“I think it’s arrogant of us to think
that we are alone in the universe.”
So said a network television news reporter
in a discussion of some new discovery in the universe.
That statement is surely one that we would agree with, though not as the reporter intended it. He was not talking about the arrogance of the atheist who says that we are alone in the universe because there is no God. His thought was that there surely must be life somewhere in the universe besides on planet earth; the universe couldn’t possibly be as vast as it is with life on only one little speck of a planet in one galaxy.
It is both arrogant and perverse to peer out into God’s universe looking for evidence that He does not exist, for the heavens declare His glory and the firmament shows His handiwork (Psalm 19:1), even to those who do not have His Word, or who reject it.
But without the Gospel, contemplation of the universe is no help. Just the opposite: it is downright scary. That the universe is a place so vast, with no apparent end to it, is awesome but hardly reassuring. It testifies of a mighty and wise God but offers no comfort about what His attitude toward us might be. At the same time, the conscience tells sinners that they have offended God, making any thoughts of an encounter with Him to be terrifying thoughts indeed.
But when we believers look at the universe, we see more than God’s wisdom and power, for we view the universe through the interpretive lens of the Word. In the Bible God tells us of His love for us sinners, a wondrous love revealed in the person and work of His Son Jesus Christ. It tells us not only of God the Creator, but also of God the Redeemer Who loved us enough to come down from heaven, to take upon Himself our human nature, and to sacrifice Himself to redeem us from sin, death, and eternal damnation.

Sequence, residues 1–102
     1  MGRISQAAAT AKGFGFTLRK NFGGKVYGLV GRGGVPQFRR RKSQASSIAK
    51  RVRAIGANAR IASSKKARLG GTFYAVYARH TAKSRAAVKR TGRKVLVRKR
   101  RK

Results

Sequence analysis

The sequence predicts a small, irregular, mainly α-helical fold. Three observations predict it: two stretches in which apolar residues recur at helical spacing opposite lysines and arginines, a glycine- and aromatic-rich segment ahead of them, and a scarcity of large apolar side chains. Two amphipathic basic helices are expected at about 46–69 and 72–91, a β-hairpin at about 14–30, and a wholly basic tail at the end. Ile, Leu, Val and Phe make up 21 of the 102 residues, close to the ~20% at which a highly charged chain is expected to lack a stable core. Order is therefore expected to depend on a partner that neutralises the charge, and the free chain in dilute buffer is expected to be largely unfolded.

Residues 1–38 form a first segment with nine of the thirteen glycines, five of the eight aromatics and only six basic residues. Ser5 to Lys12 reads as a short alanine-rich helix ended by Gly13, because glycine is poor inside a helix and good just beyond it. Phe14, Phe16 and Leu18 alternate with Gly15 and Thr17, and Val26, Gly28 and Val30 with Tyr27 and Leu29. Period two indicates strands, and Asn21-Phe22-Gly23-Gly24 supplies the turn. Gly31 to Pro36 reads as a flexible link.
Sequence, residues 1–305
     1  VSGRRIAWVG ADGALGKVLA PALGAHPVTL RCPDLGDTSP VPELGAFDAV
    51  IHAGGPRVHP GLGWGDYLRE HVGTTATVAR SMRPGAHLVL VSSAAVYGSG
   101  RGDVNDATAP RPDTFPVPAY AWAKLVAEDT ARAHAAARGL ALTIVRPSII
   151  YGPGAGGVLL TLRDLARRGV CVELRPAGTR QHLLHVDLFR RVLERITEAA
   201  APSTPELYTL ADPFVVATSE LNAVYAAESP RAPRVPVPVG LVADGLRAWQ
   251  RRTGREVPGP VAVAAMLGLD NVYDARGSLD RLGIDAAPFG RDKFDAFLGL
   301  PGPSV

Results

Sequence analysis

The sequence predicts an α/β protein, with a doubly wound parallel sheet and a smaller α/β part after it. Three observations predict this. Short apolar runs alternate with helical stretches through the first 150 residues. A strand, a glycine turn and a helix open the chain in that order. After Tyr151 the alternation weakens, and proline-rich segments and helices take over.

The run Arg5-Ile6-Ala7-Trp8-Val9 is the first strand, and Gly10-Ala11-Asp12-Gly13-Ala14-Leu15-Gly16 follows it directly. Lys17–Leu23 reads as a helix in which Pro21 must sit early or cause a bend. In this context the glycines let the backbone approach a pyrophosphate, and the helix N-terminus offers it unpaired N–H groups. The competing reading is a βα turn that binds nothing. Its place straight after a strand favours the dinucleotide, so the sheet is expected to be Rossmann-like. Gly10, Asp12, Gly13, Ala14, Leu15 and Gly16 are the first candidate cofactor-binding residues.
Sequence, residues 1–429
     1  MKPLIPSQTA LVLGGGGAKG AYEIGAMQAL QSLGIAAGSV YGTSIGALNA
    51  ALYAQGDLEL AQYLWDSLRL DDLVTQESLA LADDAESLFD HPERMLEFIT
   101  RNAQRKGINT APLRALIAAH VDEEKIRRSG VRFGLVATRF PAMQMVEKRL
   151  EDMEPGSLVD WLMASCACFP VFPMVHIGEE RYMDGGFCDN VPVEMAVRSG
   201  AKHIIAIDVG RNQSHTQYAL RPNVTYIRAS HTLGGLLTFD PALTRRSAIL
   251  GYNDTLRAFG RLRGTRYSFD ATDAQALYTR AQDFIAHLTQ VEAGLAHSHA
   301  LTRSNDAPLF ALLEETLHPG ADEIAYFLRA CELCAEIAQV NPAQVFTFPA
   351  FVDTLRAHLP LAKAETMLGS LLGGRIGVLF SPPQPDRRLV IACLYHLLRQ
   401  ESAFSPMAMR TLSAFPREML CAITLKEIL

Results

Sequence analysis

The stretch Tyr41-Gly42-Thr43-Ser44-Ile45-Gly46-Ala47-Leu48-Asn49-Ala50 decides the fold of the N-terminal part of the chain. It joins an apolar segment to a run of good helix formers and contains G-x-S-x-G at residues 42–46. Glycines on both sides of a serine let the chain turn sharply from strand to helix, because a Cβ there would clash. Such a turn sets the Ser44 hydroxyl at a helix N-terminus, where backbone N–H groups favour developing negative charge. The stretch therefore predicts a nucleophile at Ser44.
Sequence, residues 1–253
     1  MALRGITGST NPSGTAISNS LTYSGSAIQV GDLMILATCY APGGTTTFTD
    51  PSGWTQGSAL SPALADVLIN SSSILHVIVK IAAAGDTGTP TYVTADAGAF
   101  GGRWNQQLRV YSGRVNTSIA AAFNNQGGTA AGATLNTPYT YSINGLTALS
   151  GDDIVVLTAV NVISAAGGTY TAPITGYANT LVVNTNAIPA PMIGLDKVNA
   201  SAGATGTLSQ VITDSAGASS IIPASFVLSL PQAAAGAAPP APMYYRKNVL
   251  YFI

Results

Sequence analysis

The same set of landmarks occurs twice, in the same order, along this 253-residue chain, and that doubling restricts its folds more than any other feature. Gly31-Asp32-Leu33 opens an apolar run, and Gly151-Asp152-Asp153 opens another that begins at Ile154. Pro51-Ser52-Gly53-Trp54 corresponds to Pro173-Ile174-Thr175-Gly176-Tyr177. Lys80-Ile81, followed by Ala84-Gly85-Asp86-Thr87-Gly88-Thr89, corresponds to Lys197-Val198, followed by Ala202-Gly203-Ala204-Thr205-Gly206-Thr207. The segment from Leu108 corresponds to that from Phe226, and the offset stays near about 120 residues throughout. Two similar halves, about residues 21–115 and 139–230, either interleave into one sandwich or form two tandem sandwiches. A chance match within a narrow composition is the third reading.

With this knowledge of God, the universe takes on a whole new meaning. We see it in the Psalms. There David looks at the heavens and marvels that the Maker of them should take notice of us who are so small and so weak,
yet he knows that God created us with a high purpose (Psalm 8:4, 5); He had knowledge of each of us when He made the universe (Psalm 139:15, 16). To David the vastness of the universe is comforting, for it testifies of a God Who is great enough to care for us, to be in touch with our innermost thoughts and hear our prayers, to fulfill all His promises. He is a God great enough to bring this sin-corrupted universe to an end, to fold it up like a garment and in its place make new heavens and a new earth, an eternal home for us in which righteousness dwells (Hebrews 1:12;
2 Peter 3:13).
As we begin another year, we do so with the confidence that we are not alone in the universe, not left to our own devices with no hope and without God. We have our Savior God Who dwells in a high and lofty place but also with the contrite and humble (Isaiah 57:15). We have a God Who loves us for the sake of His Son Jesus, and Who is able to do exceedingly abundantly above what we ask or think (Ephesians 3:20).
John Klatt is pastor of Prince of Peace Lutheran Church in Loveland, Colorado.